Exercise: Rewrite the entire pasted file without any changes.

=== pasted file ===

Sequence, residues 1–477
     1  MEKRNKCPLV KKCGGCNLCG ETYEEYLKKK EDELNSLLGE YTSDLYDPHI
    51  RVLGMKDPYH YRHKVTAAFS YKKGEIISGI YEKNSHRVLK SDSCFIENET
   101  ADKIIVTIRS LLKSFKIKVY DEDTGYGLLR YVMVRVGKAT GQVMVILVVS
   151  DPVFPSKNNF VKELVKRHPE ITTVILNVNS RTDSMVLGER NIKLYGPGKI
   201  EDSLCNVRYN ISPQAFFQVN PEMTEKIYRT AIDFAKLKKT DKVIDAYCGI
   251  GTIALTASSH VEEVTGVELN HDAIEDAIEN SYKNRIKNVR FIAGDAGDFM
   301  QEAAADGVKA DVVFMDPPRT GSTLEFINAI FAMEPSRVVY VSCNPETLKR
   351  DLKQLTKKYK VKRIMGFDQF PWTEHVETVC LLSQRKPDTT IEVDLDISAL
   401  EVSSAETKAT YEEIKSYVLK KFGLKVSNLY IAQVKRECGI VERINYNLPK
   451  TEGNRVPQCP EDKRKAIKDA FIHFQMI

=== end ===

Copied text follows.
Sequence, residues 1–477
     1  MEKRNKCPLV KKCGGCNLCG ETYEEYLKKK EDELNSLLGE YTSDLYDPHI
    51  RVLGMKDPYH YRHKVTAAFS YKKGEIISGI YEKNSHRVLK SDSCFIENET
   101  ADKIIVTIRS LLKSFKIKVY DEDTGYGLLR YVMVRVGKAT GQVMVILVVS
   151  DPVFPSKNNF VKELVKRHPE ITTVILNVNS RTDSMVLGER NIKLYGPGKI
   201  EDSLCNVRYN ISPQAFFQVN PEMTEKIYRT AIDFAKLKKT DKVIDAYCGI
   251  GTIALTASSH VEEVTGVELN HDAIEDAIEN SYKNRIKNVR FIAGDAGDFM
   301  QEAAADGVKA DVVFMDPPRT GSTLEFINAI FAMEPSRVVY VSCNPETLKR
   351  DLKQLTKKYK VKRIMGFDQF PWTEHVETVC LLSQRKPDTT IEVDLDISAL
   401  EVSSAETKAT YEEIKSYVLK KFGLKVSNLY IAQVKRECGI VERINYNLPK
   451  TEGNRVPQCP EDKRKAIKDA FIHFQMI